HP Z

HP launches Intel Xeon W-2400 / W-3400 HP Z workstations

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HP Z4, Z6, Z8 and Z8 Fury G5 best suited to more demanding workflows such as visualisation, reality modelling and simulation


HP has made a major update to its Z Workstation portfolio, launching G5 editions of its HP Z4, Z6 and Z8 desktop machines. The new towers will replace the G4 editions which were first introduced way back in 2017.

The new HP Z workstations are built from the ground up for Intel’s long-awaited ‘Sapphire Rapids’ workstation processors. This includes the Intel Xeon W-2400 Series (with up to 24 cores) and Intel Xeon W-3400 Series (with up to 56-cores).

With an emphasis on cores, as opposed to the highest clock speeds, plus support for up to four high-end GPUs and lots of high-bandwidth DDR5 memory, the new workstations look best suited to more demanding AEC workflows such as visualisation, reality modelling and simulation. On paper, mainstream users of CAD and BIM software still look best served by HP’s Intel Core-based workstations, which include the HP Z2 Mini G9 (read our review), Z2 SFF G9 and Z2 Tower G9.

HP has also massively upped its game in remote management, with a view to bringing server level management capabilities to its Z Workstations. The new hardware-based HP Anyware Remote System Controller allows IT administrators to launch a kernel-based virtual machine (KVM) session and perform out-out-of-band management tasks such as pre-boot access, BIOS updates and re-imaging from anywhere.

HP Z4 G5

The HP Z4 G5 edition will feature a new workstation-specific ‘Sapphire Rapids’ CPU family, the single socket Intel Xeon W-2400 Series, available with 6 to 24 cores. The machine supports up to 512 GB of DDR5 RAM and can host up to two dual slot graphics cards, up to the new ‘Ada Lovelace’ Nvidia RTX 6000 (48 GB), which will benefit multi-GPU aware viz and rendering applications.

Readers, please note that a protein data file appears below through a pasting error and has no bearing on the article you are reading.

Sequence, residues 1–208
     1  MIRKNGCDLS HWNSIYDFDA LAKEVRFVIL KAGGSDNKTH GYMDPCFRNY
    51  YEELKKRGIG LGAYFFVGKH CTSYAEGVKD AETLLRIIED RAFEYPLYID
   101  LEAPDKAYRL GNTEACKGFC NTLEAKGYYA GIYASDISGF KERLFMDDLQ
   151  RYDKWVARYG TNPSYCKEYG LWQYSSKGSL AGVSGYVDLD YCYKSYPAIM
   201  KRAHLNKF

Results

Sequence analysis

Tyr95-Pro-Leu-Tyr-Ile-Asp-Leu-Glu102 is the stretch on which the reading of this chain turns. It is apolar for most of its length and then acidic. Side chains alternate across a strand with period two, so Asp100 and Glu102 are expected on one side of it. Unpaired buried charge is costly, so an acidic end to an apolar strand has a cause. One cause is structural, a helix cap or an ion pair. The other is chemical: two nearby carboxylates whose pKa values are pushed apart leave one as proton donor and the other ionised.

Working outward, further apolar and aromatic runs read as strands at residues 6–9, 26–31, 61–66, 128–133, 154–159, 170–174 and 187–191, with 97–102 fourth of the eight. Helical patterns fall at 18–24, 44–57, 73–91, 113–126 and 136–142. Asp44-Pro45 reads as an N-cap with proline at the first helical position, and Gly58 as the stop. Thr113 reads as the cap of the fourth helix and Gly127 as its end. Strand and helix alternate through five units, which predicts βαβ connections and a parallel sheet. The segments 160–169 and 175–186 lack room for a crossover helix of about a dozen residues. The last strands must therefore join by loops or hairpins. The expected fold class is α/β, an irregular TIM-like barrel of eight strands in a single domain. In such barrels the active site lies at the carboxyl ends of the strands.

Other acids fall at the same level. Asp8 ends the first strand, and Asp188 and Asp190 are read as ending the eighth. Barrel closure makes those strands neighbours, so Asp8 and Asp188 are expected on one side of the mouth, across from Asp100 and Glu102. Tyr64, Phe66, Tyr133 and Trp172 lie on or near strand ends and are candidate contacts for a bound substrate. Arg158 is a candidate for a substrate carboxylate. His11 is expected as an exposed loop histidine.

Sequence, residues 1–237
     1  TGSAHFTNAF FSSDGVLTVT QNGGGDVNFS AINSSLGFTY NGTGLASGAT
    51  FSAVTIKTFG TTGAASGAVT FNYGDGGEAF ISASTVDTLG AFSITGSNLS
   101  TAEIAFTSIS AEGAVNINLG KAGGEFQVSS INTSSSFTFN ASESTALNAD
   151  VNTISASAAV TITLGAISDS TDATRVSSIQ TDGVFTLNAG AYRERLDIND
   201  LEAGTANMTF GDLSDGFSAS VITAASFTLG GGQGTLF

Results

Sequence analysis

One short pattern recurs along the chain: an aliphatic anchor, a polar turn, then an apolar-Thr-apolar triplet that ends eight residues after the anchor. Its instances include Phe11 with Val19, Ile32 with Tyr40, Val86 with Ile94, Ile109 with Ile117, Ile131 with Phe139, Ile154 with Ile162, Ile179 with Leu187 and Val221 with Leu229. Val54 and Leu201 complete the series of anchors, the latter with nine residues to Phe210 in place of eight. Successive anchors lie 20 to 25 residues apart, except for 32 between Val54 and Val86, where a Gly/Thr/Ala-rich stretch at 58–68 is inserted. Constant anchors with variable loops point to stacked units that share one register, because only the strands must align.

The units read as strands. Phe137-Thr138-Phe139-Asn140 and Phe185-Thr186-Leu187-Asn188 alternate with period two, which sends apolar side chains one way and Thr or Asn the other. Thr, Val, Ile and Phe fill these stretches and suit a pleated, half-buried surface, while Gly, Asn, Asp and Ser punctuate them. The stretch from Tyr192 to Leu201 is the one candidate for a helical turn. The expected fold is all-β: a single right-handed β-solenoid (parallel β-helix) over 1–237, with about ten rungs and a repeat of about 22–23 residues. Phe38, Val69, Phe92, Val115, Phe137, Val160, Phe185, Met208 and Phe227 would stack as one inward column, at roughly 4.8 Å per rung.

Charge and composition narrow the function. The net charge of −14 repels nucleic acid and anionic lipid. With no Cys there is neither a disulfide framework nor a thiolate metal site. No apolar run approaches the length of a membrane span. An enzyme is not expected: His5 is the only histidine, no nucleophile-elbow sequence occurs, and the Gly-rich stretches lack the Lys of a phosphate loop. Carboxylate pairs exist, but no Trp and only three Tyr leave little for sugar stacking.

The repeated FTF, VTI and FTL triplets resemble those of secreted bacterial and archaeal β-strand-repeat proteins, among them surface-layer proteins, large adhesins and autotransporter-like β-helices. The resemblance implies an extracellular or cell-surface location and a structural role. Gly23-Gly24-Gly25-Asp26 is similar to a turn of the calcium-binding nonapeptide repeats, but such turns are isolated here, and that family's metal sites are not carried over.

HP Z6 G5

The HP Z6 G5 supports the single socket Intel Xeon W-3400 Series workstation CPU from 12 to 36 cores (not including the flagship 56-core Intel Xeon w9-3495X). It offers double the memory of the HP Z4 G5 (up to 1 TB), more memory bandwidth, and up to three double height GPUs.

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HP Z8 G5

The HP Z8 G5 features ‘Sapphire Rapids’ fourth generation Xeon Scalable processors rather than the single socket workstation-specific Xeons available in the other G5 machines. This gives it a dual CPU capability, although it only supports models up to 32 cores, meaning 64 cores (2 x 32) is the maximum configuration. Dual CPUs means there’s a limit of two dual slot GPUs and 1 TB of memory. In AEC, we imagine this box will be of most interest to users of simulation software, specifically Computational Fluid Dynamics (CFD).

HP Z8 Fury G5

As the name suggests, the HP Z8 Fury G5 is HP’s top-end ‘Sapphire Rapids’ workstation. It supports the whole range of Intel Xeon W-3400 Series workstation CPUs, including the flagship 56-core Intel Xeon w9-3495X. It supports twice as much memory as the Z6 and Z8 and up to four dual slot GPUs, which will be of interest to those pushing the boundaries of GPU rendering, AI or simulation, and has several server-grade features.

Server grade features

HP has introduced several features that are more commonly found in servers, with a view to minimising downtime and enhancing system management. This includes hot swappable M.2 SSDs, redundant power supplies and the new HP Anyware Remote System Controller.

Up to four front accessible, hot-swappable M.2 SSDs are available as an option on all new HP Z G5 workstations. Should a drive fail or need to be upgraded it can be easily swapped out, a feature that will be particularly useful for rack deployments. HP also says it will benefit customers who want to remove sensitive data at night and secure drives in a safe. To prevent unauthorised removal, drives can also be secured with physical key lock.